WWD reports that Marie-Louise Carven-Grog (born Carmen de Tommaso, and later known as Madame Carven) died today in France at the age of 105. In the post-war era when Christian Dior, Pierre Balmain, and Cristobal Balenciaga were making headlines in fashion, Carven was one of the very few female designers of her time—and an innovator, as well, patenting the push up bra in 1950.
Here are 11 of her most fascinating fashion achievements.
1. A couturiere for petite women: The designer launched her namesake house in 1945 with the aim of dressing petite women like her (she was 5'1").
2. Au revoir corset: Carven wanted women to feel comfortable in her clothes and so she loosened haute couture's waist-whittling reins and offered billowing silhouettes that allowed women to move easily in her designs.
3. You can thank her for: Pink gingham!
4. She was into fast(er) fashion: In Carven's day, Paris was all about haute couture—an exclusive, expensive made-to-measure business. Alongside fellow couturiers Jacques Fath, Robert Piguet, Jean Desses, and Jeanne Paquin, she pioneered prêt-a-portèr, or ready-to-wear. Customers were finally able to get high fashion, way, way, faster.
5. She took fashion shows on the road: Today, Chanel, Louis Vuitton, and Dior often take their collections out for a spin and show in different cities (think Seoul, Palm Springs, and Cannes). Carven, however, was the first to do so, presenting her collections in Egypt, Thailand, Morocco, Cuba, Brazil, Singapore and Mexico.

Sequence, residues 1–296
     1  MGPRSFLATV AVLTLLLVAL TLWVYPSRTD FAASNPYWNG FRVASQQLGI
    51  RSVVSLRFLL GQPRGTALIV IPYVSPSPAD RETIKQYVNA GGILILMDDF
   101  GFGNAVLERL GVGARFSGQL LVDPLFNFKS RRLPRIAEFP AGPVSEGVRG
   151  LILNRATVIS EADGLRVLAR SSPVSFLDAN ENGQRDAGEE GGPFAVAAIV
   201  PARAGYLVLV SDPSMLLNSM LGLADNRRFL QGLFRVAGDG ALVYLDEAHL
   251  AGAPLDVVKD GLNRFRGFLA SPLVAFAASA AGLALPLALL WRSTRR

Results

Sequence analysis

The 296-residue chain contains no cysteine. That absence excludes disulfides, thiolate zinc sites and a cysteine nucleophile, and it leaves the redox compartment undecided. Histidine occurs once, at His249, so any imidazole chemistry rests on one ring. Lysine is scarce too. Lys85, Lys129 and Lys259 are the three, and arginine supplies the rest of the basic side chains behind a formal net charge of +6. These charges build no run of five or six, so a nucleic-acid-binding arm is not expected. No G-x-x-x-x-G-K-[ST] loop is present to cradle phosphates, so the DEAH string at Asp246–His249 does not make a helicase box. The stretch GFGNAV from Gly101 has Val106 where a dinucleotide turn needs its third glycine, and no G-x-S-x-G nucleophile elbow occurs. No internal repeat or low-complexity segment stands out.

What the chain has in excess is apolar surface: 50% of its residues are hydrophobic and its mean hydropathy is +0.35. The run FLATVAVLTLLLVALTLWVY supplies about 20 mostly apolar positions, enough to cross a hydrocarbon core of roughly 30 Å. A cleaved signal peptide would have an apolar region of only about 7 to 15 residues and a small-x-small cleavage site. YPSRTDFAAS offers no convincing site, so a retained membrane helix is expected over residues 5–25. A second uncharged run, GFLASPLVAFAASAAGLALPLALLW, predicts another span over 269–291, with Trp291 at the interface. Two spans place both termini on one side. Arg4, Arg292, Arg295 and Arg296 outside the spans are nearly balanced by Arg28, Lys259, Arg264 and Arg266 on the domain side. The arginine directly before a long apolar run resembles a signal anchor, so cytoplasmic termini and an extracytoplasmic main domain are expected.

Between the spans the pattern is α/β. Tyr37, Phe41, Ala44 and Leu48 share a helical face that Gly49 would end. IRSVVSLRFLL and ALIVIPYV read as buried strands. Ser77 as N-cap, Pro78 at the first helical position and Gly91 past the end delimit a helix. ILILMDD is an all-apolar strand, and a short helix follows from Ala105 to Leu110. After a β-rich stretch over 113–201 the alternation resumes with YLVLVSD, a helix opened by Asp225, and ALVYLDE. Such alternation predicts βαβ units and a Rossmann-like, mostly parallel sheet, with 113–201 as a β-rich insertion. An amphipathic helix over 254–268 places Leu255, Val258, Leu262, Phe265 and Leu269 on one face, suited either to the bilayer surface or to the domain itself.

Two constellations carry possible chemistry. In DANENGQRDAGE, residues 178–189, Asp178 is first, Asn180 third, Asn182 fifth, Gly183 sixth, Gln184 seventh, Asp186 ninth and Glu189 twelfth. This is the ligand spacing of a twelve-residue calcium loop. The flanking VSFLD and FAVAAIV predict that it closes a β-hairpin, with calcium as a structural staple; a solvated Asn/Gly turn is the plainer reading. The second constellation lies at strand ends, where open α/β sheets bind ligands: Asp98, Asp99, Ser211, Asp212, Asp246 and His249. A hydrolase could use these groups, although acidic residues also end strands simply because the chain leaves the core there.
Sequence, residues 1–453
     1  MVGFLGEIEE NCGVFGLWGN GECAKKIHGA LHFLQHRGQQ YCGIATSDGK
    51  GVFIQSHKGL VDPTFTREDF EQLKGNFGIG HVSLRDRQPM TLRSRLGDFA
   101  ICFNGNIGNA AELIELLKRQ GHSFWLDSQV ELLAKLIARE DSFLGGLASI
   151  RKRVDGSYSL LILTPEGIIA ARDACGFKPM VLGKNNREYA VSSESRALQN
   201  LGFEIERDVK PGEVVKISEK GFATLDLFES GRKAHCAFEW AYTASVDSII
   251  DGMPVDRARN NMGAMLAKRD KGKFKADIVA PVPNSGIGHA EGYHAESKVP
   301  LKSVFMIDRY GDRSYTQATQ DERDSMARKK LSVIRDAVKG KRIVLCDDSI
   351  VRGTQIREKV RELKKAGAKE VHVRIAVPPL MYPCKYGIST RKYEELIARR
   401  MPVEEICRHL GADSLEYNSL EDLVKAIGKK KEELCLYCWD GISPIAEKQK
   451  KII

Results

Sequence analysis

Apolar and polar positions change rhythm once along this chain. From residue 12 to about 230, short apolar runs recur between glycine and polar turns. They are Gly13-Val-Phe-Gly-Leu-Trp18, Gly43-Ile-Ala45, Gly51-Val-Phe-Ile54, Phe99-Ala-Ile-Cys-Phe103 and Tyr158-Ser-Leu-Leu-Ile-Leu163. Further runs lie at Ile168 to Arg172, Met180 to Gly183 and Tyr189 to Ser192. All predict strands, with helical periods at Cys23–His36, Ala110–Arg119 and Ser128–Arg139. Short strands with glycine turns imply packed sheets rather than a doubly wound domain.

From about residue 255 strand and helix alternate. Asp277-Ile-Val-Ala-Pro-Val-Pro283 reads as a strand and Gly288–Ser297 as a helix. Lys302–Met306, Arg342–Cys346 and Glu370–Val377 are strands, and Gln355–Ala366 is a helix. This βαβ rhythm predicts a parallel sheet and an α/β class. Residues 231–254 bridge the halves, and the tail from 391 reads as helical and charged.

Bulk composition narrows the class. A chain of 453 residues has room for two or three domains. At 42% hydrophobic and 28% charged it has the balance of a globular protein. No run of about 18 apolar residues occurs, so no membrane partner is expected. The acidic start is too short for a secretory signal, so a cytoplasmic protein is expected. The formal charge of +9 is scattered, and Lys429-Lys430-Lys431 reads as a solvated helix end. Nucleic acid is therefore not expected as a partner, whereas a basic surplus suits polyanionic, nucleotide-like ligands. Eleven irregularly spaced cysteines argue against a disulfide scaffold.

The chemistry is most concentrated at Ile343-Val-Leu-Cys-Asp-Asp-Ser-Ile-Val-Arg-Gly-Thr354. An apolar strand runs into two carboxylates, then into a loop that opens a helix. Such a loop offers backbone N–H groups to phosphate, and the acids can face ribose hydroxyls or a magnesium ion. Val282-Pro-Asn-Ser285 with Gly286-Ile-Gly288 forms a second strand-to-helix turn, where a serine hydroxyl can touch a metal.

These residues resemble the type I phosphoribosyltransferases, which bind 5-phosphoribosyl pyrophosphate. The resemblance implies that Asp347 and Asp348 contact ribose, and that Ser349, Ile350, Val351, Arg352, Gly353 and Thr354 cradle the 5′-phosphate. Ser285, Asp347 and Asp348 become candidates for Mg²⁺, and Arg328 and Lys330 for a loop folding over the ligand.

6. The OG It-girl brand: Iconic French singer Edith Piaf was a Carven fan, as was Brigitte Bardot, who wore Carven at her 1959 wedding.
7. She invented one of the first push-up bras: Carven worked with a lingerie maker to patent the Sylvène, a push-up bra.
8. She loved Hollywood: In 1954, Carven worked with legendary costume designer Edith Head to create costumes for Grace Kelly in Hitchcock's Rear Window.
9. A national treasure of France: In 1978, she was named a Chevalier de l'Ordre des Arts et des Lettres and in 2009, she was made a Commander of the Legion of Honor, France's highest distinction for civilians.
10. She designed for half a century: Madame Carven retired at age 84—48 years after she founded her fashion house.
11. She celebrated a century in style: French style icons Loulou de la Falaise and Claude Montana were among the luminaries who celebrated the designer's 100th birthday in November 2009. Carven blew out the candles on a pistachio Laduree macaron cake while wearing a matching pistachio-green Carven suit.
Today, Carven is designed by artistic directors Alexis Martial and Adrien Caillaudaud. The collection still has the joy and exuberance the house's founder. Carven's former artistic director, Guillaume Henry has often said that Madame Carven was a constant presence—and that they had regular conversations, well into her 100th year. Madame Carven will surely be remembered, as will her impact on all of our wardrobes.